Diabetes is a huge issue for Americans.
The CDC says that between 1980 and 2008, the number of people with diabetes more doubled. The most recent data shows that the rates are still just as high, but the rapid rise seems to have reached a plateau. It’s good news, sort of.
Delta County has the highest rate of diabetes on the Western Slope, afflicting about 8 and a half percent of the residents.
"It is a continuing problem," says Mary Grosvenor, a dietitian and diabetes educator at Delta County Memorial Hospital. "I probably see five new patients a week. We also see people with pre-diabetes, and we have a big population that's eligible for that program. From what I've seen, it seems to be growing," says Mary.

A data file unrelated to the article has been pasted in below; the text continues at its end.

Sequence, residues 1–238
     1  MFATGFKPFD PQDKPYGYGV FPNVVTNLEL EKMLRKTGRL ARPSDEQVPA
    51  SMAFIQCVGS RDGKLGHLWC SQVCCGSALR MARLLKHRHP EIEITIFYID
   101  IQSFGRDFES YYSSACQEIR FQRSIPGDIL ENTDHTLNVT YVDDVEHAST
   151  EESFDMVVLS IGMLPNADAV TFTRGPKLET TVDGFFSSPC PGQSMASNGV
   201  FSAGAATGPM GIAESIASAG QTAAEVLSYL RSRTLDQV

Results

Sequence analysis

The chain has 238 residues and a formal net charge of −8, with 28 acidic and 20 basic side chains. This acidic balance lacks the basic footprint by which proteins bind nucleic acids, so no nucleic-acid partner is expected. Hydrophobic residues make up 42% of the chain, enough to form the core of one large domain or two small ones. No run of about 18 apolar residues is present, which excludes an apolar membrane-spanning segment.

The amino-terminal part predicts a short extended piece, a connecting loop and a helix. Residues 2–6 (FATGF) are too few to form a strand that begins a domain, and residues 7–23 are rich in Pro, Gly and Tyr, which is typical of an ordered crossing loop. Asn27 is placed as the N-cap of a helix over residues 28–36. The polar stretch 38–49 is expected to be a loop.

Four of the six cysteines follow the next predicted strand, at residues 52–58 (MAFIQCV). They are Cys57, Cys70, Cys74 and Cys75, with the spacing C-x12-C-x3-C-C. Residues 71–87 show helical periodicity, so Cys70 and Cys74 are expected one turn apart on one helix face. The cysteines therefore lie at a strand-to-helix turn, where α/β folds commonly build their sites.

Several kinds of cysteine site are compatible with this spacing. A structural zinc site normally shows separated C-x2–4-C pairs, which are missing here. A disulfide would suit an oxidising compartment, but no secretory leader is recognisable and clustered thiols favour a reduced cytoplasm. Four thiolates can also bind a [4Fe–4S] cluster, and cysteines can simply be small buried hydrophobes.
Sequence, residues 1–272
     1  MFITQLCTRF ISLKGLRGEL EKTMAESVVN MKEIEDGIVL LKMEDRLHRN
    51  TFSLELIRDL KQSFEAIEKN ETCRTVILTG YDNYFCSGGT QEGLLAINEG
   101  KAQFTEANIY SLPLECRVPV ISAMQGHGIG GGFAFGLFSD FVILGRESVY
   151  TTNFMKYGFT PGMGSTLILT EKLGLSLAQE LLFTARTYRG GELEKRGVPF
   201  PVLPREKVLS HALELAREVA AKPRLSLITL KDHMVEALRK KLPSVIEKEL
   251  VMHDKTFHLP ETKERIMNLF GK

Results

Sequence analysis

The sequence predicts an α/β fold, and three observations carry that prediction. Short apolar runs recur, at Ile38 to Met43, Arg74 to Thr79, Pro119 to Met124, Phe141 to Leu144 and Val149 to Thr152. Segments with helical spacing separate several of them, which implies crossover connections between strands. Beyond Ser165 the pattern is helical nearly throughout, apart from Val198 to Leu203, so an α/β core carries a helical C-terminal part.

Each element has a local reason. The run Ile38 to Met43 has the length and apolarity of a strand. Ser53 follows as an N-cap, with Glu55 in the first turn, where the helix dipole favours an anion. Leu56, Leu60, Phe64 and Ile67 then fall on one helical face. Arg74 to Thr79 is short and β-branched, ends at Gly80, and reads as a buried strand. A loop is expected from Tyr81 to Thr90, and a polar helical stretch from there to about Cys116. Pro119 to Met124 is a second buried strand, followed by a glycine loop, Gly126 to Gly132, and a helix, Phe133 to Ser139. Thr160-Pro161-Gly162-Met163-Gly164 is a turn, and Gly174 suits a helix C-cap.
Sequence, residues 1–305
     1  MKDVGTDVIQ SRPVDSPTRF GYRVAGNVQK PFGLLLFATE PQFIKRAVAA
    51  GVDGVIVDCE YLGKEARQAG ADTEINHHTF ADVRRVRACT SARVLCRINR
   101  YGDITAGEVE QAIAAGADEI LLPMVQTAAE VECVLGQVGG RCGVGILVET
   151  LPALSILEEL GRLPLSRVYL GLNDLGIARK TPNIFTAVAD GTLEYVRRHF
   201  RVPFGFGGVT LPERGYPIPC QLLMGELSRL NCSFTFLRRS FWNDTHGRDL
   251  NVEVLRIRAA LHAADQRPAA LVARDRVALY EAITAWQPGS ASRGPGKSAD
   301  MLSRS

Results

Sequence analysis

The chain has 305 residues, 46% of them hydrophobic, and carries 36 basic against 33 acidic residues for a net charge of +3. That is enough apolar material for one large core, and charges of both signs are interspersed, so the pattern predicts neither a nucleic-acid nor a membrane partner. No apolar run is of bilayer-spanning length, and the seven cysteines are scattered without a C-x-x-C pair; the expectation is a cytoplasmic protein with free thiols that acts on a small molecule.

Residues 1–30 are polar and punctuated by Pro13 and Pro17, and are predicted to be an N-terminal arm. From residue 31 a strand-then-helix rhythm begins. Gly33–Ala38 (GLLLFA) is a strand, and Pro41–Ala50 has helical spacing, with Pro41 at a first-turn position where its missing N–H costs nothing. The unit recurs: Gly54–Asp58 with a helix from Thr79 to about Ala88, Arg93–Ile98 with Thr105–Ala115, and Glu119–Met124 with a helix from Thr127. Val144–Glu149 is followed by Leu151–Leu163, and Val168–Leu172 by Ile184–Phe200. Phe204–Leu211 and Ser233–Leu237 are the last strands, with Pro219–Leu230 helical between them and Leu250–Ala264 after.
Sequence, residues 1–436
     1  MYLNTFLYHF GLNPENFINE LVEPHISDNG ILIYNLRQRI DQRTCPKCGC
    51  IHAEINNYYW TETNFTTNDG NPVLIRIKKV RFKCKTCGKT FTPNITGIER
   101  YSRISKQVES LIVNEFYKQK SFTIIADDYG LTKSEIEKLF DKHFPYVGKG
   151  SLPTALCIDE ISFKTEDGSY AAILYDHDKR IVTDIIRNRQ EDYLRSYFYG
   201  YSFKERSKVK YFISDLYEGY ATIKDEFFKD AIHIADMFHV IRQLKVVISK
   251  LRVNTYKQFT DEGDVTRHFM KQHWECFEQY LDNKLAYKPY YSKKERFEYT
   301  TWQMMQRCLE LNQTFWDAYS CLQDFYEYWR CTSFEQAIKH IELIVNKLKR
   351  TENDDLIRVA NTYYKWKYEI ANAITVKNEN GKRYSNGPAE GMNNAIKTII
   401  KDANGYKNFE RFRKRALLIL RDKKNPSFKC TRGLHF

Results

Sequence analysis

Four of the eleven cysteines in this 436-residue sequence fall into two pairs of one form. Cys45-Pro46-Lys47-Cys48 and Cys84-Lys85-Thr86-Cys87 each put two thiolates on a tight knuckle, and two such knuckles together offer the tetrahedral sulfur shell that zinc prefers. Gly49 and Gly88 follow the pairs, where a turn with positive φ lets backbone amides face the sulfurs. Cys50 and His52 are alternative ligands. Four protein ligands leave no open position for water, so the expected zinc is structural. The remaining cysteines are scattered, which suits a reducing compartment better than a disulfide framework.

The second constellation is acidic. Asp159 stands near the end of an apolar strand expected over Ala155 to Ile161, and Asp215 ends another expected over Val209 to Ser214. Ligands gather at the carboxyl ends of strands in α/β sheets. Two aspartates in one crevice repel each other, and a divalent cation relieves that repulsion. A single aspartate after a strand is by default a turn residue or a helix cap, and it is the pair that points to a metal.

Mary’s right. Nationally, rates aren’t decreasing, they’re just not accelerating as much. In 2011, the most recent data, Delta County had 162 new cases of diabetes. She has a few ideas why Delta county stands out.
"Risk factors for diabetes are getting older, and we have an older population. Also, being Hispanic, and we have a Hispanic population. Lack of exercise and being overweight [are risk factors] so if you compare us to Denver, they have a young, athletic population. That's not your typical Delta population," says Mary.
It should be noted though, that Delta’s 8.6 percent is nothing compared to parts of Alabama or Mississippi, where one out of every 5 people has diabetes.